This population is sometimes referred to as Generation Jones, These cuspers were not as financially successful as older Baby Boomers. They experienced a recession like many Generation Xers but had a much more difficult time finding jobs than Generation X did. While they learned to be IT-savvy, they didnt have computers until after high school but were some of the first to purchase them for their homes. They were among some of the first to take an interest in video games. They get along well with Baby Boomers, but share different values. While they are comfortable in office environments, they are more relaxed at home. Theyre less interested in advancing their careers than Baby Boomers and more interested in quality of life.

                                     

2.6. Notable cusper groups Date ranges

  • 1977-1981 as identified by Doree Shafrir writing for Slate
  • 1977-1983 as identified by Deon Smit and Merriam-Webster
  • 1977-1985 as identified by Business Insider
                                     

2.7. Notable cusper groups Characteristics

The Generation X/Millennial cuspers are most commonly referred to as Xennials, although other names include The Oregon Trail Generation, Generation Catalano and The Lucky Ones. Researchers point out that these cuspers have both the healthy skepticism of Generation X and the optimism of Millennials. They are likely to challenge authority, but also are more career-focused than Generation X. While not all of these cuspers are digital natives, they are very comfortable with technology.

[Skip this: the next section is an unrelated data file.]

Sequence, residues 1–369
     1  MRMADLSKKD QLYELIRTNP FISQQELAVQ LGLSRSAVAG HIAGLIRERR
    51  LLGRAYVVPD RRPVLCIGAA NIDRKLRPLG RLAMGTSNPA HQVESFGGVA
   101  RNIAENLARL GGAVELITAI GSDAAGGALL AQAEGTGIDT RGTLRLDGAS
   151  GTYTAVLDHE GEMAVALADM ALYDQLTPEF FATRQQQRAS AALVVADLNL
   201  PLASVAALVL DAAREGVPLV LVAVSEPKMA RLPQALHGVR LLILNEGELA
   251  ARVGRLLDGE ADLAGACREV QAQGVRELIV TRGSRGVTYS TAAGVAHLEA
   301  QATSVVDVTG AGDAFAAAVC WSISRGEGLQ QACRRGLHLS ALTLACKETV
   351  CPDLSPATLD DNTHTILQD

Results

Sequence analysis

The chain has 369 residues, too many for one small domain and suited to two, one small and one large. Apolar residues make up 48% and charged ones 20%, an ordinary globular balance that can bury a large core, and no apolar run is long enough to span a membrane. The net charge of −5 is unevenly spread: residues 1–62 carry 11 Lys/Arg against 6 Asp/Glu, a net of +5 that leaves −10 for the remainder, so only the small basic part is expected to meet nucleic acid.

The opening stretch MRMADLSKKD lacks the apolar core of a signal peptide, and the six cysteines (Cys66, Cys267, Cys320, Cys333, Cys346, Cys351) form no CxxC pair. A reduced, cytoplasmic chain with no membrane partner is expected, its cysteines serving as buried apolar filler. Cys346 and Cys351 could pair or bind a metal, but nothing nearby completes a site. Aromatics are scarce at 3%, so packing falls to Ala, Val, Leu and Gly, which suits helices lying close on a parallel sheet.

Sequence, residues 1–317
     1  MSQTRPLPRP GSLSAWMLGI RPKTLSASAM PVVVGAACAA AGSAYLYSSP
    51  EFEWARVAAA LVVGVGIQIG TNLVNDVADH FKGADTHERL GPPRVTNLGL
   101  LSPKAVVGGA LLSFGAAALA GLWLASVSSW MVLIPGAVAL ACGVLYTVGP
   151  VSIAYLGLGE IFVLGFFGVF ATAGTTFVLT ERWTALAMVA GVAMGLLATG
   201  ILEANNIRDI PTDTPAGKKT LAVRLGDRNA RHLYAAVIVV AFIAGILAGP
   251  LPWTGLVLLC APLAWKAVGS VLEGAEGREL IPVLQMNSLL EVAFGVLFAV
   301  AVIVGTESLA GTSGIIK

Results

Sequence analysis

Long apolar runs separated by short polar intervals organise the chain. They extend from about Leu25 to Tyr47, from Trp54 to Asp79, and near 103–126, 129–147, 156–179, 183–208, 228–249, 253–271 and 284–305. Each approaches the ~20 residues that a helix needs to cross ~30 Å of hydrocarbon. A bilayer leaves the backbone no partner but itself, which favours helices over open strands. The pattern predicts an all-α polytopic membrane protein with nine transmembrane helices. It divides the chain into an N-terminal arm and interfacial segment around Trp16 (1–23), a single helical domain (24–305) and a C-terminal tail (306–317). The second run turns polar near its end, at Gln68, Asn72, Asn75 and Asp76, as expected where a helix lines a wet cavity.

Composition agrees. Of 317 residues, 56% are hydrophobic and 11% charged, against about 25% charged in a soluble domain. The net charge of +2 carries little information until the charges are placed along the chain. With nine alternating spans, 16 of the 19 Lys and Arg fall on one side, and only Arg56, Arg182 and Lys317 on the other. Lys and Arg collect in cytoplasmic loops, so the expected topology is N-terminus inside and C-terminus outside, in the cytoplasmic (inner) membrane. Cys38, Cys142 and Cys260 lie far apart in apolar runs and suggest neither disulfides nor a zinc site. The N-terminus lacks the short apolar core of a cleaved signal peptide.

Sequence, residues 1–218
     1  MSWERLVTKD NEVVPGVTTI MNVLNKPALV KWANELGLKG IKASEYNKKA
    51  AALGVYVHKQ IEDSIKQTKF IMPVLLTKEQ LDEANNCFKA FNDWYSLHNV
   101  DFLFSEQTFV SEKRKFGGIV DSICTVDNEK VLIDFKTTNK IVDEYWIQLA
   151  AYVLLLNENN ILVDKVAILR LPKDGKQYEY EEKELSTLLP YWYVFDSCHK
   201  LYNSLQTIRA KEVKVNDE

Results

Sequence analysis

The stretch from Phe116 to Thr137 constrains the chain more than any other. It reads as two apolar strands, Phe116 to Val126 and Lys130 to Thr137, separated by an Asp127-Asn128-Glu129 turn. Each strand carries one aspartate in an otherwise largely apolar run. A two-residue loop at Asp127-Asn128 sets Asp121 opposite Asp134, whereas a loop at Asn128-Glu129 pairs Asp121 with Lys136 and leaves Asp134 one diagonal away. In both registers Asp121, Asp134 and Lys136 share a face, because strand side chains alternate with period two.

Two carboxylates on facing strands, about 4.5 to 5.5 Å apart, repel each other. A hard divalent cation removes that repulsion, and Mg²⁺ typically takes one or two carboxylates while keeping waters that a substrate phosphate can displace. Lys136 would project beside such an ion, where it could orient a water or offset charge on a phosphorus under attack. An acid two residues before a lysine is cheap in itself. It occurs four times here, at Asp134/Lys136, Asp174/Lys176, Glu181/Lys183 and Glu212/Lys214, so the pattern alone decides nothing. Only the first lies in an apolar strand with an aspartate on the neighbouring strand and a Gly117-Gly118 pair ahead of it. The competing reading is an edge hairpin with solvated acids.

2.8. Notable cusper groups Characteristics

Colloquially, often referred to as Zillenials or Millenialz. Referred to as MinionZ by Smit. Those born in the transition period between Generations Y and Z had access to the internet from the later part of their childhood and are considered by some to be digital natives, while still retaining some or few memories from before the rise of the World Wide Web and social media such as YouTube and Facebook. In regards to politics and social issues, they bear more social liberal views, like Millennials, while demonstrating a level of skepticism and insecurity when it comes to finances and their family environment, a common trait among Generation Z, in part due to growing up in the aftermath of 9/11 and during a period of global economic recession.

                                     

3. Workplace importance

Communication misunderstandings between employees of different generations are detrimental to workplace morale, increasing turnover and absenteeism while decreasing job satisfaction, work commitment and productivity. Effective communication between employees of different generations, however, allows for collaborative relationships and ensures that information is retained from one generation to the next. Cuspers play an important role in multi-generational workplaces and other organizations. Metaphorically cuspers are like bridges or glue that connect members of their adjacent major generations. Between generations, they are naturally skilled at mediating, translating, mentoring and managing. Strategically placing cuspers in the workplace has the potential to reduce generational workplace friction and give organizations doing so a competitive advantage.

                                     

4. Generational identity

Many cuspers dont feel a sense of belonging to a specific generation. Researchers studying generational subculture theory have speculated that there may be populations within larger generational cohorts whose values are more in line with those of preceding generations, for example, someone born in the range of Generation X who has a moral philosophy more similar to the Silent Generation. The generational fuzziness theory purposes that ones generation is best defined as the combination of ones birth year and generational identity - the cultural generation to feel most similar to.